Mathematical Model Helps Runners Achieve Peak Performance

French researchers have developed an equation that, after accounting for specific variables, can inform runners and coaches of the optimal strategy for winning a race.

Imagine if understanding how best to do your job was as easy as inputting a few numbers into an equation that would then spit out results detailing your ideal strategy. A pair of French researchers have developed such an equation for runners and are hoping to apply their model in software designed for athletes and coaches.


One of the researchers is Amandine Aftalion, who has an interesting piece up at the Huffington Post right now about the mathematics of athletic optimization. Aftalion, who is a research director for the French National Centre for Scientific Research (CNRS), explains that modeling running in the form of equations can predict the optimal strategy needed to run a race in the shortest amount of time.

Aftalion's model was first introduced in a paper she co-authored last year. She explains how it works in the Huffington Post piece:

"Our model takes into account physiological parameters such as maximal oxygen uptake and total available anaerobic energy and involves several differential equations coupling the unknown variables of the runner: velocity, propulsion force, and anaerobic energy, which the body uses when in oxygen deficit. The equations rely on two basic principles of physics: energy is preserved, and acceleration (or velocity variations) is equal to the sum of all the forces. This second principle is also called the fundamental principle of dynamics."

Aftalion is now on the lookout for software developers to help her take the next step with the equation. (In fact, the final paragraph of her HuffPost piece is a fairly bold-faced sales pitch.) She stresses that her model could prove to be incredibly valuable to distance runners and coaches. Plus, with a little extra support, she could even adapt it to work for cyclists, rowers, and other competitors in endurance sports. No doubt, if the match checks out, there's going to be high demand for her work.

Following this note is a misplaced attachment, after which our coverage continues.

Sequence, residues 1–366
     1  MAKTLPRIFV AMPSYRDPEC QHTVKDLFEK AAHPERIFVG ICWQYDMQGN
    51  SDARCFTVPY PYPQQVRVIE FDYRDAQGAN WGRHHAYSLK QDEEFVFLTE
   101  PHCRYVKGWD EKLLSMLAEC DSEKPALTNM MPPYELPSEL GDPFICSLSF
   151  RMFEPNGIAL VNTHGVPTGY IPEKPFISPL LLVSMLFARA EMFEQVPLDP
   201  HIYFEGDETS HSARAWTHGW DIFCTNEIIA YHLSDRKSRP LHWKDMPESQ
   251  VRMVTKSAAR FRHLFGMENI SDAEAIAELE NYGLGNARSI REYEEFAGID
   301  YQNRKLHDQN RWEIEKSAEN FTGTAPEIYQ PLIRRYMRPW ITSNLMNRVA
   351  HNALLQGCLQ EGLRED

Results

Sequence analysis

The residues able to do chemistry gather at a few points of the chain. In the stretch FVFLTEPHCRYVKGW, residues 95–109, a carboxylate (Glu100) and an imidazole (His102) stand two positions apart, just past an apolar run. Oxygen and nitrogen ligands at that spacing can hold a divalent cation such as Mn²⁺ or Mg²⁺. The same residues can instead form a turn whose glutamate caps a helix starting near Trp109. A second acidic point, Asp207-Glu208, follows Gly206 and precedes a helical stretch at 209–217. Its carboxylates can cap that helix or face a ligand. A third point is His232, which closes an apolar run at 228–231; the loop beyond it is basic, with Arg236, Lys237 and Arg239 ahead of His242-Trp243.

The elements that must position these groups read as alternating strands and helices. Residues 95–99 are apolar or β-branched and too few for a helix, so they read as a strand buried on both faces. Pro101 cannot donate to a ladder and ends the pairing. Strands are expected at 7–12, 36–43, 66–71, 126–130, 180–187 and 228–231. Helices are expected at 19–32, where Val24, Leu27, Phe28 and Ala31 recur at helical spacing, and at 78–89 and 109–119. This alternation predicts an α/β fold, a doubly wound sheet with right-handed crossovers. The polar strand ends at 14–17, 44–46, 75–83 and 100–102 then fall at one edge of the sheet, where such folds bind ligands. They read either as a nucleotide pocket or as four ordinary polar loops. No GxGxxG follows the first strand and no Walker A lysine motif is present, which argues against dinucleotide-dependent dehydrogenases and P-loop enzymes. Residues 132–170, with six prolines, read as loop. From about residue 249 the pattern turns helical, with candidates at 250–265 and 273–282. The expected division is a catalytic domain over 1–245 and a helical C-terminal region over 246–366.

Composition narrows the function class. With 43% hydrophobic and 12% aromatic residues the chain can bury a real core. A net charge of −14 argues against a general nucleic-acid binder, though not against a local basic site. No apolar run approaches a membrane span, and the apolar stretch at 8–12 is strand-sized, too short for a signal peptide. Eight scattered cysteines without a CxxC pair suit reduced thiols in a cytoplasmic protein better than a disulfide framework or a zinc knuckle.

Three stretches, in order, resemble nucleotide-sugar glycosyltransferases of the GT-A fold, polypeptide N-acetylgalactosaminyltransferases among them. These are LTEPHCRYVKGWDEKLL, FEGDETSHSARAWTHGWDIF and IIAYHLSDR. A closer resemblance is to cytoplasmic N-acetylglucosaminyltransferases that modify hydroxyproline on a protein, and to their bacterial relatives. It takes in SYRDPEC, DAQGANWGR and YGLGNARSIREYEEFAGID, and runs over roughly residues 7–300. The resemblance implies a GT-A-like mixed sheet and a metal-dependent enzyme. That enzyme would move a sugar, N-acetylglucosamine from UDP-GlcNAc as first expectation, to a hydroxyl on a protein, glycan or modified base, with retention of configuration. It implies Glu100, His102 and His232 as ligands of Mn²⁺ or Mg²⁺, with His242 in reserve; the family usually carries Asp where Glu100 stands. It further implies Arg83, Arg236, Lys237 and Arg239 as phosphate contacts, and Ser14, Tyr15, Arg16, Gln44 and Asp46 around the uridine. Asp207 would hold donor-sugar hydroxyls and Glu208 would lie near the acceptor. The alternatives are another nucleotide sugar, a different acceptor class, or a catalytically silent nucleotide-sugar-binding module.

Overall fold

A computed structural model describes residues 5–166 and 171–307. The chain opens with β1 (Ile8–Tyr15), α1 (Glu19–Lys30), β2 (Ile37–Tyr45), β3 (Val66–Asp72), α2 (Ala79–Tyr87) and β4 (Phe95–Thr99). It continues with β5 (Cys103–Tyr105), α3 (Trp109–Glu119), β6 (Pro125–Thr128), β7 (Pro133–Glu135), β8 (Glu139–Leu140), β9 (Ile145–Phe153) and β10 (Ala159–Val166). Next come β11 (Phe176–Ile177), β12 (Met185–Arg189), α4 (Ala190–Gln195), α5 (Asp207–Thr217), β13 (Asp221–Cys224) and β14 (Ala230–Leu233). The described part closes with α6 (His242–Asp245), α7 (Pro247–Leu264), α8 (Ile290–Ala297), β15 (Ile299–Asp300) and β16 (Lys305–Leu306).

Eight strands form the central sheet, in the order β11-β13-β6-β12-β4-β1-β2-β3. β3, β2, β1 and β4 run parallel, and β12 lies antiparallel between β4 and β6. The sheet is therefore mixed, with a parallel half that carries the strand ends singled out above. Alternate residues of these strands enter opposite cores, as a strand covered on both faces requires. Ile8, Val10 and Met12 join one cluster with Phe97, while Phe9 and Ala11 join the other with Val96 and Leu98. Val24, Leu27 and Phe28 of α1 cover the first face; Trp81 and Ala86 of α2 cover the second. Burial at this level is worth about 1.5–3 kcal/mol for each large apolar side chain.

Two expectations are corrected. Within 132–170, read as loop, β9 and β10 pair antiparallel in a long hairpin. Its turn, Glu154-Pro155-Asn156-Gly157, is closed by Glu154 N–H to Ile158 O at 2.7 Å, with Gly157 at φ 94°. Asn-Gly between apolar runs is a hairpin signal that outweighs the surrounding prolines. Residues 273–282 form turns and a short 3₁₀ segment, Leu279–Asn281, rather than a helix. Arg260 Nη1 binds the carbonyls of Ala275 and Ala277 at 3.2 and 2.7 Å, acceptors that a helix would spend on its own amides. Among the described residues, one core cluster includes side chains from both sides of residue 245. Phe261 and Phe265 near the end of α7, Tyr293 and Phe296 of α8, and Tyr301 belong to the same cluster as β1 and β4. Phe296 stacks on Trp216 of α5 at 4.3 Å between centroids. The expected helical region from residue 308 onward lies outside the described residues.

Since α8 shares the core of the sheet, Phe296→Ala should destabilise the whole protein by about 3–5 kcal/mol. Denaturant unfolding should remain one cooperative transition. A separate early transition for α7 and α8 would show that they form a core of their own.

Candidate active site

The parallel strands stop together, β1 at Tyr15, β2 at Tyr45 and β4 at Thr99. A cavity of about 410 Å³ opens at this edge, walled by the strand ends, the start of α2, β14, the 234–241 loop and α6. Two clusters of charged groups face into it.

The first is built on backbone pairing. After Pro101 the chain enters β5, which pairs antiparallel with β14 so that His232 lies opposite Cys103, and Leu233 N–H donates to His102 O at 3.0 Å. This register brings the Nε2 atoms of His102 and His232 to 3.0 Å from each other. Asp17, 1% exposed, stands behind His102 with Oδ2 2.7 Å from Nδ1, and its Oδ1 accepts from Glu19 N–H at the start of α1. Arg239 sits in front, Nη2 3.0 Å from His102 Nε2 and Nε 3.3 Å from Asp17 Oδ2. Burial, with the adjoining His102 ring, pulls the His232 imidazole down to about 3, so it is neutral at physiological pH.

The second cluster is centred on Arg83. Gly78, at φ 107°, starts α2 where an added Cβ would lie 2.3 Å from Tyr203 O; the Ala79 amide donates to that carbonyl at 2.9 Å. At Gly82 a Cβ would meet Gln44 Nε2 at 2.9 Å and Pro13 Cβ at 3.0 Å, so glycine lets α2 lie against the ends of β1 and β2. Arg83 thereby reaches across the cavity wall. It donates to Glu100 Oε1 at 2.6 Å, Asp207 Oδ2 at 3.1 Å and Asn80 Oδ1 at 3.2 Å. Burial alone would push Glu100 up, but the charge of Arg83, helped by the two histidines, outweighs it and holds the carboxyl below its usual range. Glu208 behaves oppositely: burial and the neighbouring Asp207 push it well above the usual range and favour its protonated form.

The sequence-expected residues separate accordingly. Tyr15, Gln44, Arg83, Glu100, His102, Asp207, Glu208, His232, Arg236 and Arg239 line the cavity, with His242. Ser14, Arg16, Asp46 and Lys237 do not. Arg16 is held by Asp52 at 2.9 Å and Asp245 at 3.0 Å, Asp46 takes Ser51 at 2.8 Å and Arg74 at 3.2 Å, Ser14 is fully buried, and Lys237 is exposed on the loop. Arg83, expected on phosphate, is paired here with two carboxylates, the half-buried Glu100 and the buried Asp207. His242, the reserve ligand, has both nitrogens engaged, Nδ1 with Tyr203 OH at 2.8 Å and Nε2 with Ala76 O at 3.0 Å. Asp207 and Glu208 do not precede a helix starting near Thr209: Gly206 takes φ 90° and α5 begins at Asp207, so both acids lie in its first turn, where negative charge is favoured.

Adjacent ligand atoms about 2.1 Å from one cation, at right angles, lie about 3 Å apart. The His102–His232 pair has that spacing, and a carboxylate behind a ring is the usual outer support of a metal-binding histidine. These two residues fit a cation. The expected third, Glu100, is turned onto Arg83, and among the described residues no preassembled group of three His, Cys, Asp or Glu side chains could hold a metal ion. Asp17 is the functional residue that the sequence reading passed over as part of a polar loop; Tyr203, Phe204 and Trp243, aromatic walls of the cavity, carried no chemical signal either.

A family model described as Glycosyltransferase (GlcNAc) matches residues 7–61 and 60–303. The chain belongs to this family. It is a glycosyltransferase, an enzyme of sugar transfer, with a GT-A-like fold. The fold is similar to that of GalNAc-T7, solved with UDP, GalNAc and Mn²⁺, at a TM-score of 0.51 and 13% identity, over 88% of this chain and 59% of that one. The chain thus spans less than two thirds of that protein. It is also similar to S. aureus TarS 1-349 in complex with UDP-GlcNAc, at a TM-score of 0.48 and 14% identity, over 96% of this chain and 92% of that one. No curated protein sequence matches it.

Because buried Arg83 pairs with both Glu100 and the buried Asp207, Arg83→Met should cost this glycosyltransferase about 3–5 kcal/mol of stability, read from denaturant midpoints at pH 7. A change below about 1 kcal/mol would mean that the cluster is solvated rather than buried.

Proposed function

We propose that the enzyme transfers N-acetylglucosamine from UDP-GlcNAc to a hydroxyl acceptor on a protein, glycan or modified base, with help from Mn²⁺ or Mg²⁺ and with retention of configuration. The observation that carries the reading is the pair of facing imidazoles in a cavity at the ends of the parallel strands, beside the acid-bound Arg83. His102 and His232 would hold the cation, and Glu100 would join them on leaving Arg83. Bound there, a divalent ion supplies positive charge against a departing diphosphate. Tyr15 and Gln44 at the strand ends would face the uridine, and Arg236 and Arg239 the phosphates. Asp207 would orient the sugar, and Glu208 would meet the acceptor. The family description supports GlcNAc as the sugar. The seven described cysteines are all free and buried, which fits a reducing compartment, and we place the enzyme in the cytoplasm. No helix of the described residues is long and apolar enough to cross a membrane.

Read more at The Huffington Post

Photo credit: Warren Goldswain / Shutterstock

LinkedIn meets Tinder in this mindful networking app

Swipe right to make the connections that could change your career.

Getty Images
Sponsored
Swipe right. Match. Meet over coffee or set up a call.

No, we aren't talking about Tinder. Introducing Shapr, a free app that helps people with synergistic professional goals and skill sets easily meet and collaborate.

Keep reading Show less

What’s behind our appetite for self-destruction?

Is it "perverseness," the "death drive," or something else?

Photo by Brad Neathery on Unsplash
Mind & Brain

Each new year, people vow to put an end to self-destructive habits like smoking, overeating or overspending.

Keep reading Show less

Can the keto diet help treat depression? Here’s what the science says so far

A growing body of research shows promising signs that the keto diet might be able to improve mental health.

Photo: Public Domain
Mind & Brain
  • The keto diet is known to be an effective tool for weight loss, however its effects on mental health remain largely unclear.
  • Recent studies suggests that the keto diet might be an effective tool for treating depression, and clearing up so-called "brain fog," though scientists caution more research is necessary before it can be recommended as a treatment.
  • Any experiments with the keto diet are best done in conjunction with a doctor, considering some people face problems when transitioning to the low-carb diet.
Keep reading Show less

Douglas Rushkoff – It’s not the technology’s fault

It's up to us humans to re-humanize our world. An economy that prioritizes growth and profits over humanity has led to digital platforms that "strip the topsoil" of human behavior, whole industries, and the planet, giving less and less back. And only we can save us.

Think Again Podcasts
  • It's an all-hands-on-deck moment in the arc of civilization.
  • Everyone has a choice: Do you want to try to earn enough money to insulate yourself from the world you're creating— or do you want to make the world a place you don't have to insulate yourself from?
Keep reading Show less